Academic journal article Issues in Teacher Education

Co-Teaching in a Teacher Education Classroom: Collaboration, Compromise, and Creativity

Academic journal article Issues in Teacher Education

Co-Teaching in a Teacher Education Classroom: Collaboration, Compromise, and Creativity

Article excerpt

Introduction

The call for reform of teacher preparation programs by Arne Duncan (2009), U.S. Secretary of Education, has the potential to be the catalyst for a re-emergence of co-teaching in higher education. According to Duncan:

America's great educational challenges require that this new generation of well-prepared teachers significantly boost student learning and increase college-readiness (para. 14). . . If teaching is-and should be-one of our most revered professions, teacher preparation programs should be among a university's most important responsibilities (para. 34).

Duncan argues for the need to implement innovative preservice teacher education strategies that will result in an increase in K-12 student achievement. One such strategy that has been shown to impact K-12 student achievement is co-teaching (McDuffie, Mastropiere, & Scruggs, 2009). There are many benefits of co-teaching including opportunities to vary content presentation, individualize instruction, scaffold learning experiences, and monitor students' understanding. Co-teaching in its most effective form can promote equitable learning opportunities for all students. Preparing preservice teachers to be effective co-teachers needs to be a significant component of teacher education curricula in higher education. Although co-teaching is not a new phenomenon in higher education (Dugan & Letterman, 2008), the experiences of faculty who co-teach in teacher preparation programs have not been extensively studied (Cruz & Zaragoza, 1998; Jones & Morin, 2000; Kluth & Straut, 2003).

With this in mind, we set out to explore our own co-teaching and collaborative planning experiences in an undergraduate, second language acquisition course, Language Acquisition, Development, and Learning. To illustrate our experiences, we include in this article selected artifacts such as a course description and journal reflections. The institution and the school of education in which the course is offered are new, only five years old. Innovative, new practices are encouraged and expected of faculty. The co-taught course was supported by the administration with the idea that co-teaching could become a common practice at our college.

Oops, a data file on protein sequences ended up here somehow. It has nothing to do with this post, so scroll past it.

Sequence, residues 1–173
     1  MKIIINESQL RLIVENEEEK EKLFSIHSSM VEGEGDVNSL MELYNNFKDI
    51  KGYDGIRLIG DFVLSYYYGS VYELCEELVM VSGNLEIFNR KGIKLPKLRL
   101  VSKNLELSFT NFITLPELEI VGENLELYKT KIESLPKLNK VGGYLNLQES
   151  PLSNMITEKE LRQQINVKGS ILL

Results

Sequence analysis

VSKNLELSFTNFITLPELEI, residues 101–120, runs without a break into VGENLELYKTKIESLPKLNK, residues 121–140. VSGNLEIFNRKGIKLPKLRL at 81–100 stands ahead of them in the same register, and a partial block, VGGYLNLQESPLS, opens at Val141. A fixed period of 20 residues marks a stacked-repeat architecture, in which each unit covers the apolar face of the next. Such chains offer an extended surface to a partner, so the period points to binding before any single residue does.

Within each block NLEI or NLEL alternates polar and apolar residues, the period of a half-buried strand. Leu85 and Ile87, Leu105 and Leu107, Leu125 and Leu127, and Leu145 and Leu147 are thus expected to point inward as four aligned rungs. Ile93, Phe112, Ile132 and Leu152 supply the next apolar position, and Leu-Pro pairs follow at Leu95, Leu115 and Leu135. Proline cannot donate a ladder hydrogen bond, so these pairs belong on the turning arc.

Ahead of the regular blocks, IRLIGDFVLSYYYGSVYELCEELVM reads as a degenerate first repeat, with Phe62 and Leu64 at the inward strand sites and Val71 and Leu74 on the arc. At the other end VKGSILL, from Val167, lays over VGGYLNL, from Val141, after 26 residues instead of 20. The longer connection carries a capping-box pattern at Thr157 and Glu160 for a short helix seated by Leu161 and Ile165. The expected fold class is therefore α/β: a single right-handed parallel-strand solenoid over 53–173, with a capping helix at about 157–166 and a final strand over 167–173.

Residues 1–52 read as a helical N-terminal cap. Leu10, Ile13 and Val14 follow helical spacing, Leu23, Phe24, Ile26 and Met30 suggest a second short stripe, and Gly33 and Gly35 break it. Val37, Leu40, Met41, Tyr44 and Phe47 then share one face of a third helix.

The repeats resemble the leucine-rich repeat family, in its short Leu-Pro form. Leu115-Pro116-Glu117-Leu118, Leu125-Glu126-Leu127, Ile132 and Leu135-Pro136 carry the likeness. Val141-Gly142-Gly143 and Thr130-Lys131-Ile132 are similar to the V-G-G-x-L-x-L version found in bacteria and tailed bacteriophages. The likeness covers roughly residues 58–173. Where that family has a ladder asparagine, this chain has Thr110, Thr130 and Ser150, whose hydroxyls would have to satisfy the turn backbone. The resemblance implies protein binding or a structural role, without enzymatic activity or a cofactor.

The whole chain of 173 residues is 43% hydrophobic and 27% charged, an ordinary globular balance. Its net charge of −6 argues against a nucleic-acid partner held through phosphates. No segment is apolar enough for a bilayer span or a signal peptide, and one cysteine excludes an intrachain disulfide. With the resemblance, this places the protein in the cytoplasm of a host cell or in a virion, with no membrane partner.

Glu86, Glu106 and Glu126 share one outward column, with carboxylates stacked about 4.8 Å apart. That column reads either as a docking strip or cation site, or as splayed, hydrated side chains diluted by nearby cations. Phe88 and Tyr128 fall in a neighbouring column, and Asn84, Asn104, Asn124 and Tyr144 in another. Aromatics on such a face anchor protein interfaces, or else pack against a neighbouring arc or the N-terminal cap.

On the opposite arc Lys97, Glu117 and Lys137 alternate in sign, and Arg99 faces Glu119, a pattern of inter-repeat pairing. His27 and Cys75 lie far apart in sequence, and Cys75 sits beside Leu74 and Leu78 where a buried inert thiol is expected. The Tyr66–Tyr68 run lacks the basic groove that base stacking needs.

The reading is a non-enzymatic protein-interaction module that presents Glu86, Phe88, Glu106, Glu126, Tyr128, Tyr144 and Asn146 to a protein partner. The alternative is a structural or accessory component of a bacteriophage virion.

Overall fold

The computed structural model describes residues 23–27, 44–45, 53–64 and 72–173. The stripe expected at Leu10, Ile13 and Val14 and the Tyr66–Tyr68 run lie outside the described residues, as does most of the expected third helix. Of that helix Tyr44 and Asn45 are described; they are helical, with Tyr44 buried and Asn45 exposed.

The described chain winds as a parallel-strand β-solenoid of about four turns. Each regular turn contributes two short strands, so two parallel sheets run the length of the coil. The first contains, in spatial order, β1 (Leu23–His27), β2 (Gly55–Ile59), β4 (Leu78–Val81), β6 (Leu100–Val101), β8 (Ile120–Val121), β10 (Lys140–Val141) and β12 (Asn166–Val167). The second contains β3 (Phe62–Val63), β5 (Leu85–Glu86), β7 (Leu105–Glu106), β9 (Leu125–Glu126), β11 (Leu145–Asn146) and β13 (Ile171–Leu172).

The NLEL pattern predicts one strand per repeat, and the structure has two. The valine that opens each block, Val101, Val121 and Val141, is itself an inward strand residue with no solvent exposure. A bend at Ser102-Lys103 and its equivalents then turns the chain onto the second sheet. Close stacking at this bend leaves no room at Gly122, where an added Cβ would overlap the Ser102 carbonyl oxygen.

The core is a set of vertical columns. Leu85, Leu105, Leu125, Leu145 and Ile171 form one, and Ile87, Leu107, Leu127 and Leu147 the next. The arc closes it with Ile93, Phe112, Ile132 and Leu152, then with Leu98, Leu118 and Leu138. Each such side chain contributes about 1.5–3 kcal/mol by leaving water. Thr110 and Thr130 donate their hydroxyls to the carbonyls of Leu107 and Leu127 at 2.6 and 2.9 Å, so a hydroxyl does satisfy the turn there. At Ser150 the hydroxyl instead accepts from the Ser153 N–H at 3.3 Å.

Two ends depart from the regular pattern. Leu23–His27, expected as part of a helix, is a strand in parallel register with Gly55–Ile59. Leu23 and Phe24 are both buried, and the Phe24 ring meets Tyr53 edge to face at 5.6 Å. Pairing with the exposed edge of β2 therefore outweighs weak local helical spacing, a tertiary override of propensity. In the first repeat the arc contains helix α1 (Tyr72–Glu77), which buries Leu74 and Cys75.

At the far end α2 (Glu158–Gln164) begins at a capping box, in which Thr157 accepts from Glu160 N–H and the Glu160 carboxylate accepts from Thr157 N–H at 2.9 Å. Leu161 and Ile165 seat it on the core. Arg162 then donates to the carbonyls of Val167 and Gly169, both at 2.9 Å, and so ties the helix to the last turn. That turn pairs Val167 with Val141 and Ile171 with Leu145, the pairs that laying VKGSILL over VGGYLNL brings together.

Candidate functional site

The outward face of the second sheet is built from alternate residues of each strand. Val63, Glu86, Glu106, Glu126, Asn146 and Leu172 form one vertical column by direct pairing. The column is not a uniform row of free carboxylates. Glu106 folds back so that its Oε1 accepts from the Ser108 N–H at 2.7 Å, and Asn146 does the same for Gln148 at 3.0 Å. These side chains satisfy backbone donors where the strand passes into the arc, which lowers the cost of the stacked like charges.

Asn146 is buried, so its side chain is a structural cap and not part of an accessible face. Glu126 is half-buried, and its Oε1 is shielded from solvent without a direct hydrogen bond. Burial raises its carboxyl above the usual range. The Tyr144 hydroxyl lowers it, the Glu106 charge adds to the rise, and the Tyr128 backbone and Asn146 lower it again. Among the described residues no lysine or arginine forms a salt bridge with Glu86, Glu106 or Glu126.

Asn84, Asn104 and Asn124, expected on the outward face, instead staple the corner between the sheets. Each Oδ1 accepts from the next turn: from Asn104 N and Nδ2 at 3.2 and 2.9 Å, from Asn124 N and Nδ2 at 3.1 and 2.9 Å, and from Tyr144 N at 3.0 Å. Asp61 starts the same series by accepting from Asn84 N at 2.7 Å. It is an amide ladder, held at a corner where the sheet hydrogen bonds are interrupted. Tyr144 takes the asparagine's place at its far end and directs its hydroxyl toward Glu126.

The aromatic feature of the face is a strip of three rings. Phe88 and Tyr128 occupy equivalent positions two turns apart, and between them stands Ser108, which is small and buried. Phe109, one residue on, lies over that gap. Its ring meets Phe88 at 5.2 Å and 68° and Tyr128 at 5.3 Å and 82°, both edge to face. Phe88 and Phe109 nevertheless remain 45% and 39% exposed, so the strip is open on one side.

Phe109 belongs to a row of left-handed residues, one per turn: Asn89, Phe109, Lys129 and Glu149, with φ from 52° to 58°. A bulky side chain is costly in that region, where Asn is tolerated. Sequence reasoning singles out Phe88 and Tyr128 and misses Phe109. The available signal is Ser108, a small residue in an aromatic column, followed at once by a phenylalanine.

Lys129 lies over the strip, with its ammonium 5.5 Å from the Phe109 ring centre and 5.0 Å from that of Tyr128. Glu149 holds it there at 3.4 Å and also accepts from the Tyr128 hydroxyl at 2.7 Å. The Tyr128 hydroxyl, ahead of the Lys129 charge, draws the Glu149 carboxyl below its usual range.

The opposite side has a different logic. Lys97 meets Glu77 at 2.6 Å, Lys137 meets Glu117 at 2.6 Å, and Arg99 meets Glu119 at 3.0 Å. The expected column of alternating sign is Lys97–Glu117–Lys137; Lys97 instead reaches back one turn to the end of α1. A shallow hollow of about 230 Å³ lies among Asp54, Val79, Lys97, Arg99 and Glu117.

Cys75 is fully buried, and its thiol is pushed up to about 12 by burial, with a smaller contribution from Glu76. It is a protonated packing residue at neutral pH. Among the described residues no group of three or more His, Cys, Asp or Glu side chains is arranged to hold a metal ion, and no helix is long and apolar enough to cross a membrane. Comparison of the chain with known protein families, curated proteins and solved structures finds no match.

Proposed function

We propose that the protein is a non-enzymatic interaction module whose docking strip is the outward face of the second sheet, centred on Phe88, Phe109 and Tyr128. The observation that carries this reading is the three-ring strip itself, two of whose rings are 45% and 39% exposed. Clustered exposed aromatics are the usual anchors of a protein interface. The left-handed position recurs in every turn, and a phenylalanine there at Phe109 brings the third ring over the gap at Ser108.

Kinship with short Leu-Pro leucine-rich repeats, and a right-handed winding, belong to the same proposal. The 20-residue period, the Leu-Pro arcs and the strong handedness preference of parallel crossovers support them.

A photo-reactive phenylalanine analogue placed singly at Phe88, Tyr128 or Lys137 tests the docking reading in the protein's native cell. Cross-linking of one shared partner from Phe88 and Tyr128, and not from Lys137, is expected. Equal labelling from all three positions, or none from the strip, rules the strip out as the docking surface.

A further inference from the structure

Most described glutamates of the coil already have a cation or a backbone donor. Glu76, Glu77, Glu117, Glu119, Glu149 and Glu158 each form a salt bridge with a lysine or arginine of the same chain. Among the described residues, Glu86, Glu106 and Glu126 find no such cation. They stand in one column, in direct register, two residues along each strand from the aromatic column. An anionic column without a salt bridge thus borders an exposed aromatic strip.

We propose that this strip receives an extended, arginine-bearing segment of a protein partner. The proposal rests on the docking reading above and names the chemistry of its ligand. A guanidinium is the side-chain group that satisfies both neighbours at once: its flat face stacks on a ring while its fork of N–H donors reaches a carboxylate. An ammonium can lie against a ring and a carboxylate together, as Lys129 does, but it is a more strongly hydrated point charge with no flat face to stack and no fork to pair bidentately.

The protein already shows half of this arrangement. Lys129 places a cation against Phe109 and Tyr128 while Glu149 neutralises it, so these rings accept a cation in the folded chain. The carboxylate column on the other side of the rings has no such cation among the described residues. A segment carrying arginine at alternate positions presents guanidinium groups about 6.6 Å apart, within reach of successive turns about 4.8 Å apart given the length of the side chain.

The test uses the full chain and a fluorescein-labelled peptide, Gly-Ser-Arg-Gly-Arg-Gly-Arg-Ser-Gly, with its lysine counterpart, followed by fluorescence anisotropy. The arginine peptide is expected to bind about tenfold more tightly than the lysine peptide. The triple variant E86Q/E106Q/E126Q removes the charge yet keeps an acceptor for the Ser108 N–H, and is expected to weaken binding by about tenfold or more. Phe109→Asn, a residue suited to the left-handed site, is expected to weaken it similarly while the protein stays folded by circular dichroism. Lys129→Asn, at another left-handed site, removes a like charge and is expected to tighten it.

Co-Teaching in K-12

There is a wealth of information on co-teaching in K-12, including the importance of understanding the teaching approach of one's partner (Keefe, Moore, & Duff, 2004; Murawski, 2003), determining readiness to co-teach (Bradley, King-Sears, & Tessier-Switlick, 1997; Murawski & Dieker, 2004), clarifying roles, responsibilities, and expectations (Friend & Bursuck, 2002; Murawski & Dieker, 2004; Murray, 2004), scheduling shared planning time (Friend & Cook, 2002), and effective communication, including constructive dialogue and conflict resolution (Wood, 1998).

Cook and Friend (1995) proposed a continuum of co-teaching strategies for inclusive practices that is commonly used today across various programs. Figure 1 presents Cook and Friend's six types of co-teaching strategies and applications. Several of these strategies were used during our co-taught course such as: one teach, one observe; one teach, one assist; station teaching; and parallel teaching.

Co-teaching has become a common strategy in K-12 for addressing the increasingly diverse learning needs and academic levels of students in one classroom. One third grade classroom, for example, could potentially have students with reading levels ranging from kindergarten to 6th grade. Co-teaching between special and general educators is now a common approach to effective inclusion in K-12 schools. Public Law 94-142 (1975) and the Individuals with Disability Education Act (1997) are legislative policies that lead to a plethora of inclusive practices that are used today to educate students with diverse cognitive, processing, sensory, and/or physical disabilities in the same general education classroom. While co-teaching in elementary schools is more common than in secondary schools, there has been an increase at the secondary level, especially across disciplines (Rice, Drame, Owen, & Frattura, 2007). …

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